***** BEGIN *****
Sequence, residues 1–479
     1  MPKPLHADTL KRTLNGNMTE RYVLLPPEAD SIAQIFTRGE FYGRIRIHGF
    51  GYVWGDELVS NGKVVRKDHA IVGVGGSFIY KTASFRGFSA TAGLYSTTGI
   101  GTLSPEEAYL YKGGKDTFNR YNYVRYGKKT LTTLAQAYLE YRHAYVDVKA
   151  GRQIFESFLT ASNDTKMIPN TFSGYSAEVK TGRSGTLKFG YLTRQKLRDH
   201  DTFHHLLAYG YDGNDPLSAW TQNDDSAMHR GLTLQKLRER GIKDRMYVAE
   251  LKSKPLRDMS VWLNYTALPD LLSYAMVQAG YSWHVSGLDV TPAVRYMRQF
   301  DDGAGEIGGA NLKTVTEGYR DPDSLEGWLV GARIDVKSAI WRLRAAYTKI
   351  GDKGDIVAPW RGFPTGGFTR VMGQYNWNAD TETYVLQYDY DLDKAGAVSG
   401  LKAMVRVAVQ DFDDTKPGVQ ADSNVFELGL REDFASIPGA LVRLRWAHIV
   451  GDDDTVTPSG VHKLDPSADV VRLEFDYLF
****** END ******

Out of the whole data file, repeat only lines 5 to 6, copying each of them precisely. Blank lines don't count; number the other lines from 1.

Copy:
   151  GRQIFESFLT ASNDTKMIPN TFSGYSAEVK TGRSGTLKFG YLTRQKLRDH
   201  DTFHHLLAYG YDGNDPLSAW TQNDDSAMHR GLTLQKLRER GIKDRMYVAE